This tutorial explains Linux “echo” command, options and its usage with examples.
The echo command writes character strings to standard output. Strings are separated by spaces, and a new-line character follows the last String parameter specified. If no String parameter is specified, a blank line (new-line character) is displayed.
echo [OPTIONS] [ String … ]
On BSD and some variants derived from BSD does not begin a new line after the echoed text.
on some variants this option is necessary to enable recognition of escape characters in string
The echo command recognizes the following escape conventions:
Displays an alert character.
Displays a backspace character.
Suppresses the new-line character that otherwise follows the final argument in the output. All characters following the \c sequence are ignored.
Displays a form-feed character.
Displays a new-line character.
Displays a carriage return character.
Displays a tab character.
Displays a vertical tab character.
Displays a backslash character.
Displays an 8-bit character whose ASCII value is a 0-, 1-, 2-, or 3-digit octal number.
1. To write a message to standard output, enter:
$ echo Hi there Hi there
2. To display a message containing special characters, enter:
$ echo -e "I'm at lunch.\nI'll be back at 1:00." I'm at lunch. I'll be back at 1:00.
Note: You must put the message in quotation marks if it contains escape sequences. Otherwise, the shell interprets the \ (backslash) as a metacharacter and treats the \ differently.
$ echo * Desktop Documents ls-output.txt Music Pictures Public Templates Videos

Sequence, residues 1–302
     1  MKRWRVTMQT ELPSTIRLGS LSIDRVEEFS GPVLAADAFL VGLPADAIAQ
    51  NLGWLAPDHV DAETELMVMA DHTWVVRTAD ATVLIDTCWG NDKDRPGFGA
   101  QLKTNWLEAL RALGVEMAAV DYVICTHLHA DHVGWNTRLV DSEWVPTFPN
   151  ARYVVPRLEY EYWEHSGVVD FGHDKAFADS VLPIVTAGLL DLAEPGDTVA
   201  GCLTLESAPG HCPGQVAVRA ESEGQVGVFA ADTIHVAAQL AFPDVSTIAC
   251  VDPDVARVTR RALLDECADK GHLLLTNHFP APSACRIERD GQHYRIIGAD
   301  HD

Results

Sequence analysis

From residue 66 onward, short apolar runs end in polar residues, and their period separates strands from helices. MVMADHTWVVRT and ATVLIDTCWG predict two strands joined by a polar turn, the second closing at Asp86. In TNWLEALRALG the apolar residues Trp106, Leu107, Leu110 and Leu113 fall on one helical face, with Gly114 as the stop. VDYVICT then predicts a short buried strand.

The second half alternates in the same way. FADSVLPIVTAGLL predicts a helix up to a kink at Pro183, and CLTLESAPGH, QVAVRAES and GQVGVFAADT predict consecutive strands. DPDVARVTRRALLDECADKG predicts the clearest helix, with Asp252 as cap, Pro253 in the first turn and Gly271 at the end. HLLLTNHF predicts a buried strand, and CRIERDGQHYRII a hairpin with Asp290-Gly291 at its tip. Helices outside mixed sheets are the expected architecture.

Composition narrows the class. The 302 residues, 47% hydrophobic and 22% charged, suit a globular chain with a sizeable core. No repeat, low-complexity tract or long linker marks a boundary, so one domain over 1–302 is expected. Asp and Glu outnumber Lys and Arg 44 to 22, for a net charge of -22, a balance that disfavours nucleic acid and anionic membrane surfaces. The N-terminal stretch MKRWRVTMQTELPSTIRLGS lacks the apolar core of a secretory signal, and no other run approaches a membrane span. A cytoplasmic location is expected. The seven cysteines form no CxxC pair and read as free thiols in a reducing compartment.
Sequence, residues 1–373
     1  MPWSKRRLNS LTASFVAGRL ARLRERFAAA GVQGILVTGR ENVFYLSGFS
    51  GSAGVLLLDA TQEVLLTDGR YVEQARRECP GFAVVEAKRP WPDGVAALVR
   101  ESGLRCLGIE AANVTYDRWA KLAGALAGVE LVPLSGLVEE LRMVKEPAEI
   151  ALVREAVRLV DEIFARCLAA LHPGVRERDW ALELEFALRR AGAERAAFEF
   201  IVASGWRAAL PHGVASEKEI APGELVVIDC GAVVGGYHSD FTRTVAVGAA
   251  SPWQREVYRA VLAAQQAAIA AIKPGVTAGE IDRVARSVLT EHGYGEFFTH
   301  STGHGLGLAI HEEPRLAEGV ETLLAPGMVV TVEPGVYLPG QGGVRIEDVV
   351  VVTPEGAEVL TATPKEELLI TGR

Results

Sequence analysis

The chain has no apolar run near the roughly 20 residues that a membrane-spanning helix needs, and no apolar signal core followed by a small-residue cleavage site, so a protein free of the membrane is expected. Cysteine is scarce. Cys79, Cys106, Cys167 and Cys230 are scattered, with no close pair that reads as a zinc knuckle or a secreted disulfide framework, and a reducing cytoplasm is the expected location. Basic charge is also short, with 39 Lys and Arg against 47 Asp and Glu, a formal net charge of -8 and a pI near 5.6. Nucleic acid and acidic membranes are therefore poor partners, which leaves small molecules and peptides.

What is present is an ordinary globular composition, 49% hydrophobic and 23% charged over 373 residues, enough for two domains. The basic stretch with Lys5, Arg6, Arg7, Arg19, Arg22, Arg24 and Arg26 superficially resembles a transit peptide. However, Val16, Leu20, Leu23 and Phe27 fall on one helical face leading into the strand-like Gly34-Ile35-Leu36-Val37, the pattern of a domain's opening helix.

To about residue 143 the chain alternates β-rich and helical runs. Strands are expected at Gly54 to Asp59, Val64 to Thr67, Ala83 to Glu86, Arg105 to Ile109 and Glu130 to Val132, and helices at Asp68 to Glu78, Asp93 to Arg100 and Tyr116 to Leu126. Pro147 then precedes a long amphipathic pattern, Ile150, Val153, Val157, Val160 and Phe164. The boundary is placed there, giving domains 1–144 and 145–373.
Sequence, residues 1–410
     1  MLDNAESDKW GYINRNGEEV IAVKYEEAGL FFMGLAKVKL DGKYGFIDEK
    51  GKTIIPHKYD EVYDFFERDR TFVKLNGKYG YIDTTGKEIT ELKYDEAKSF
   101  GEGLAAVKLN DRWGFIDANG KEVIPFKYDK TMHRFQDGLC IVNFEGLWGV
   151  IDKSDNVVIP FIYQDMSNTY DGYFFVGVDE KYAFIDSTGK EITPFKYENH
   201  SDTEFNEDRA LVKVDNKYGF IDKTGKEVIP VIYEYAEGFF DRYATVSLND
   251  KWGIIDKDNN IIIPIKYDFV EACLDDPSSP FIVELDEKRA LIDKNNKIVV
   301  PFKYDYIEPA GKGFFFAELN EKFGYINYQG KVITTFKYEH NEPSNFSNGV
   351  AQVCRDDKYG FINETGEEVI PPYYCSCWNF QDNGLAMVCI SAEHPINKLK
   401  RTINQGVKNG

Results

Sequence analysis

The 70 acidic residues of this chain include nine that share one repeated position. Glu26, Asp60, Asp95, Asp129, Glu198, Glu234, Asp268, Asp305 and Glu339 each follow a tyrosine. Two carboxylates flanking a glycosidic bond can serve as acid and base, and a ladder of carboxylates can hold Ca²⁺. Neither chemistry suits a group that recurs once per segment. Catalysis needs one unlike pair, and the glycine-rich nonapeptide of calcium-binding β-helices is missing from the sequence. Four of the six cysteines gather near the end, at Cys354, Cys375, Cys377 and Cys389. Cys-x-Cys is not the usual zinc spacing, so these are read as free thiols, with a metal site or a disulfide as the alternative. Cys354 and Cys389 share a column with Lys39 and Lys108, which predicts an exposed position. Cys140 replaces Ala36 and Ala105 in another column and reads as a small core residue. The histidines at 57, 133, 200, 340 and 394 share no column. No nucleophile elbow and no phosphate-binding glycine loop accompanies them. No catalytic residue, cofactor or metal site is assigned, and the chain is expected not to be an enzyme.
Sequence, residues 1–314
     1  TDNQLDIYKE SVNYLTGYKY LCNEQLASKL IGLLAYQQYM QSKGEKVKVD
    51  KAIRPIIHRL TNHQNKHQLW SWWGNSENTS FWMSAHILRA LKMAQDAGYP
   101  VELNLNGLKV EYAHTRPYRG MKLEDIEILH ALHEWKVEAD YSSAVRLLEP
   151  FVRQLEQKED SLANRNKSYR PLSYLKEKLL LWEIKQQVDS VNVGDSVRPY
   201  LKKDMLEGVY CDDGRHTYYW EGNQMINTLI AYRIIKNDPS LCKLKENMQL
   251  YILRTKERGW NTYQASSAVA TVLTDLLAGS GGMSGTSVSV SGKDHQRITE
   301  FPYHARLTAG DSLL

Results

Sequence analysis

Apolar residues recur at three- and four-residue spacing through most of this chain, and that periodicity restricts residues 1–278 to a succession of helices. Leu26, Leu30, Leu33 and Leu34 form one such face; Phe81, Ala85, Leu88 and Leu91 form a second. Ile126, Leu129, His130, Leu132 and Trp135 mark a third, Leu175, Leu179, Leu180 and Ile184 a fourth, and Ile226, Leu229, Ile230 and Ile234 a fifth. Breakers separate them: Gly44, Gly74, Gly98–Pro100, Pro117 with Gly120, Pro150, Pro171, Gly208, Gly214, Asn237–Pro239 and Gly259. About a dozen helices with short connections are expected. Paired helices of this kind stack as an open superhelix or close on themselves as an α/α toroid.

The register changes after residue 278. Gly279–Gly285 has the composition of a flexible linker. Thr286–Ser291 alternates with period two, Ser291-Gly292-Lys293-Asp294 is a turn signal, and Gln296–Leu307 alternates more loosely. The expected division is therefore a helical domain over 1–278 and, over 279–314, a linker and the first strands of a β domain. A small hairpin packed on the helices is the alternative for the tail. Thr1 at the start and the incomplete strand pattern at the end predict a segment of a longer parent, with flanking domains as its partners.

The above example would list all the files and directories in the current directory.
4. To add a single line of text to a file, enter:
$ echo Remember to set the shell search path to $PATH. >>notes
This usage adds the message to the end of the file notes after the shell substitutes the value of the PATH shell variable.
5. Arithmetic Expansion
$ echo $((2 + 2)) 4
Arithmetic expansion uses the form:
where expression is an arithmetic expression consisting of values and arithmetic operators.
Arithmetic expansion only supports integers (whole numbers, no decimals), but can perform quite a number of different operations.
6. Command Substitution
Command substitution allows us to use the output of a command as an expansion:
$ echo $(cal) December 2013 Su Mo Tu We Th Fr Sa 1 2 3 4 5 6 7 8 9 10 11 12 13 14 15 16 17 18 19 20 21 22 23 24 25 26 27 28 29 30 31 $ echo "$(cal)" December 2013 Su Mo Tu We Th Fr Sa 1 2 3 4 5 6 7 8 9 10 11 12 13 14 15 16 17 18 19 20 21 22 23 24 25 26 27 28 29 30 31
Note : We should take a moment to look at the effect of double quotes on command substitution. By default, word-splitting looks for the presence of spaces, tabs, and newlines (linefeed characters) and treats them as delimiters between words. This means that unquoted spaces, tabs, and newlines are not considered to be part of the text. They only serve as separators. Since they separate the words into different arguments, our example command line contains a command followed by four distinct arguments. If we add double quotes word-splitting is suppressed and the embedded spaces are not treated as delimiters, rather they become part of the argument. Once the double quotes are added, our command line contains a command followed by a single argument. The fact that newlines are considered delimiters by the word-splitting mechanism causes an interesting, albeit subtle, effect on command substitution.
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